- People will be safe at 118th Boston Marathon, Mayor Marty Walsh says
- Boy Scout, 12, killed by rolling tree during troop outing at Washington park
- South Korean president: Ferry crew actions ‘murderous’
- President Obama poised to grant clemency to nonviolent drug offenders: report
- Teen OK after riding in wheel well of Hawaii jet
- Kraft recalls 96K pounds of Oscar Mayer hot dogs over cheese error
- Boy Scouts boots church as host after gay leadership dispute
- Sen. Elizabeth Warren’s new book raises 2016 presidential speculation
- America is an oligarchy, not a democracy or republic, university study finds
- Rep. Marsha Blackburn: Hillary Clinton won’t be first female president
LOVERRO: In a world basically devoid of mystery, Yankees provide some with Tanaka signing
There’s not much mystery in today’s world. We can watch outer space on our computers and ask a woman named Siri on our phones what is the meaning of life.
There are scouting reports on elementary school athletes. Football game films are there to break down on your tablet in your living room, just like the coaches.
You can argue that the biggest mystery today is that there is no mystery anymore.
And then the New York Yankees pay $155 million to a pitcher that most of America has never seen before, a hurler from a faraway land.
This is how legends begin – the tale of the 10-foot tall, 120 miles per hour pitcher from Japan who is unhittable.
Masahiro Tanaka is neither 10-feet tall, nor does he throw 120 miles per hour. But he did go 24-0 last year with a 1.27 ERA in Japan last year, and much of the baseball world here never saw one pitch.
So when he takes the mound at Yankee Stadium this season, he will be a wonderful mystery to American baseball fans, who will have already talked about his split-fingered fastball that one report claims may be “the best in the world.”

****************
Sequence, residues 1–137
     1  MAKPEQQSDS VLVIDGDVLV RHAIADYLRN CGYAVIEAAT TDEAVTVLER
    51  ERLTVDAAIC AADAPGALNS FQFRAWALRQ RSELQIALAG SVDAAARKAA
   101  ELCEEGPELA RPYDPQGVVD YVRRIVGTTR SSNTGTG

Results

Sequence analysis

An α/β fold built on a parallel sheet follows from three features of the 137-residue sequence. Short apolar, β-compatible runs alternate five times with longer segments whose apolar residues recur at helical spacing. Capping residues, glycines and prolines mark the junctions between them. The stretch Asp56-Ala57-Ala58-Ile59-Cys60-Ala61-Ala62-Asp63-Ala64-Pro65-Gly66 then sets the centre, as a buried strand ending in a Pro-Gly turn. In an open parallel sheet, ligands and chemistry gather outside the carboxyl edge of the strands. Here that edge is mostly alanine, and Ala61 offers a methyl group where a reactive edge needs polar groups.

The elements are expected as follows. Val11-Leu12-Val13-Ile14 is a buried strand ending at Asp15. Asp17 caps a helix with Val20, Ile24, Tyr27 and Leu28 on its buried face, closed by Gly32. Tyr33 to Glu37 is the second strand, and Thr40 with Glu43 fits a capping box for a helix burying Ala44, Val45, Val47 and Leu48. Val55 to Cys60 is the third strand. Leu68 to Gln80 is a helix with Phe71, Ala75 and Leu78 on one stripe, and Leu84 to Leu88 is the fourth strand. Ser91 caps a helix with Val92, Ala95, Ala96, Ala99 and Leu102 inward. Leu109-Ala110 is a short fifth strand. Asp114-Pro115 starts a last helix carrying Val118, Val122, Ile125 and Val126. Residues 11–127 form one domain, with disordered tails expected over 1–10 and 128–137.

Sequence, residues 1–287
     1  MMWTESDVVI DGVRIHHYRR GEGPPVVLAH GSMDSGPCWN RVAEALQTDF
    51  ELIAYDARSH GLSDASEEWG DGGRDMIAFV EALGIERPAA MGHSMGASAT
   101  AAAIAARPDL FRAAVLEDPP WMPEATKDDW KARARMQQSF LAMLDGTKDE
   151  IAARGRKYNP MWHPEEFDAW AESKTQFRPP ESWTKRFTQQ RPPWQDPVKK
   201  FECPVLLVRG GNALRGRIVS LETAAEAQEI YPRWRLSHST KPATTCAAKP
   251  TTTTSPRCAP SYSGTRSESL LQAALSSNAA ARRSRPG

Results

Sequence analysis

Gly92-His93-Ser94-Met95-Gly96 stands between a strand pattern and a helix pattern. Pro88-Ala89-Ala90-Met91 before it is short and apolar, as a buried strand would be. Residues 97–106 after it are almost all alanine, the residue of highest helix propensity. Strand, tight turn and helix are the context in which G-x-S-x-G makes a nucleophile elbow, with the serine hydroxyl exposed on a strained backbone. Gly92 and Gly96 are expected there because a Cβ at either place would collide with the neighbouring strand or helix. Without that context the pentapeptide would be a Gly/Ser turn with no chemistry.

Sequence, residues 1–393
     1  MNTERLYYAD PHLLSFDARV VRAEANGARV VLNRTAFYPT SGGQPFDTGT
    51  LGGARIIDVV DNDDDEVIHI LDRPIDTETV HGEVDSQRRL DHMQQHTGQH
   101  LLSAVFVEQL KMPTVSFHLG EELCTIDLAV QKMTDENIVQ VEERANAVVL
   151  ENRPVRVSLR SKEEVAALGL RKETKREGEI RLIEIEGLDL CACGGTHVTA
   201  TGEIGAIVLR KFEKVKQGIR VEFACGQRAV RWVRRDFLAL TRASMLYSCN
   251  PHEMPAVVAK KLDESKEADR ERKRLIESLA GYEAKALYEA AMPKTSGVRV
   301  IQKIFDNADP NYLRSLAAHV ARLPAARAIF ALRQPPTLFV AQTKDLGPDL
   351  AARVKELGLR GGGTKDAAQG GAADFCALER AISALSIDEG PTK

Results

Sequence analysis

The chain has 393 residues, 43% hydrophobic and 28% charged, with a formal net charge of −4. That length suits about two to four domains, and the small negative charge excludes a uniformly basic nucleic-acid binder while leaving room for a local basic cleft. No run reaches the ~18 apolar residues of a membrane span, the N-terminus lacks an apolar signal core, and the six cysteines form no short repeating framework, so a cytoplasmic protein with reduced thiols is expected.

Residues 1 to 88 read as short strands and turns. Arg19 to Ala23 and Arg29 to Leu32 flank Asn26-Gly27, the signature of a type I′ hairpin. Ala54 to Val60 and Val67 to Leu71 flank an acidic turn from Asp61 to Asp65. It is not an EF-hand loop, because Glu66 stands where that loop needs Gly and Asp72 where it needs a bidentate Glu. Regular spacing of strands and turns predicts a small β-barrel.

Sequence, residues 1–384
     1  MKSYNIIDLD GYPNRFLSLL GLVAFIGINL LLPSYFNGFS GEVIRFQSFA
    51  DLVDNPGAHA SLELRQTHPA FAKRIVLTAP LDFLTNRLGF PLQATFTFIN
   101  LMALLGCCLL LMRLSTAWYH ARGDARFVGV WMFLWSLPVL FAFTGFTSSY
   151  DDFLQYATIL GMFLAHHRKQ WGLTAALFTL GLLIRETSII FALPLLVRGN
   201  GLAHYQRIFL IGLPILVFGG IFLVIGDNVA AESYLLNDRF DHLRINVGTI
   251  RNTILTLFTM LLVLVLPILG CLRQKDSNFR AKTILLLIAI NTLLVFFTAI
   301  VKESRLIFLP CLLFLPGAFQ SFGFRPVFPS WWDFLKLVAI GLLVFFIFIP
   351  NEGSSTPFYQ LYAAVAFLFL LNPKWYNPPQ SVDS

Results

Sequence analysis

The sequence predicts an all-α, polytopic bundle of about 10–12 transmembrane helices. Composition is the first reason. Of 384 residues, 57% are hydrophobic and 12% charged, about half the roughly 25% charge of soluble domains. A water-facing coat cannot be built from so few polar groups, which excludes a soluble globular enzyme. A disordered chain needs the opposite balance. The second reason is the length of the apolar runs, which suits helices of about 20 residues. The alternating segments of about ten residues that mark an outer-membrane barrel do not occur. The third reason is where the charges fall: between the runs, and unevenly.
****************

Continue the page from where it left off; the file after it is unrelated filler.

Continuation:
How will the great Tanaka fare when facing the great Miguel Cabrera? Or the darling of the jihadist sabermetricians, Mike Trout? How will the stats king do against the Japanese mystery?
We have seen glimpses of Tanaka in the World Baseball Classic, and if you really followed Japanese baseball, you could be very well versed in the career of Tanaka. But for most of the three million plus fans who will come to Yankee Stadium this season, and the millions more watching, he will be a great, well paid unknown.
Will he be Hideo Nomo, who lit the baseball world on fire with his tornado delivery for the Los Angeles Dodgers in 1995, leading the National League in strikeouts and going on to pitch two no-hitters in his 12-year major league career?
Or will he be Daisuke Matsuzaka – “Dice-K” – the hurler with the “gyroball” pitch who the Boston Red Sox paid a record $51 million to his Japanese club, the Seibu Lions, just for the rights to negotiate with Dice-K, followed by a six-year $52 million contract and, overall, a major league career defined by disappointment and injury?
The Yankees – the most high-profile major league baseball franchise – have had a defining presence in Japan ever since the great Babe Ruth played there in a 1934 barnstorming tour, and several reports have indicated that Tanaka wanted to be a Yankee.
The contigent of Japanese reporters who cover the Yankees is larger than most press corps that cover many of the teams in American baseball.
© Copyright 2014 The Washington Times, LLC. Click here for reprint permission.
About the Author
- LOVERRO: Bryce Harper-Mike Trout comparisons may be a career-long thing
- LOVERRO: On the Wizards' trip to Brazil, a miracle happened
- LOVERRO: Capitals' major challenge is finding someone who can win with Alex Ovechkin
- LOVERRO: Bo Belinsky, Sonny Liston share a cemetery - one found peace, the other didn't
- LOVERRO: Injured hand didn't keep Scott Christopher from a life of baseball and art
Latest Blog Entries
Women losing coverage under Obamacare, too
- Tactical advantage: Russian military shows off impressive new gear
- Former Ranger breaks silence on Pat Tillman death: I may have killed him
- Scalia to students on high taxes: At a certain point, 'perhaps you should revolt'
- Special Forces' suicide rates hit record levels casualties of 'hard combat'
- USAID documents cite Hillary Clinton in chaos of Afghan aid
- CURL: Shelly O first lady Michelle Obama comes in last
- Feds approve powdered alcohol; 'Palcohol' available later this year
- Twitter blocks accounts critical of Turkish government
- Inside China: Marine's comment on islands draws sharp Chinese response
- Building a D.C. memorial for an endless war bumps into regulations
Top 10 handguns in the U.S.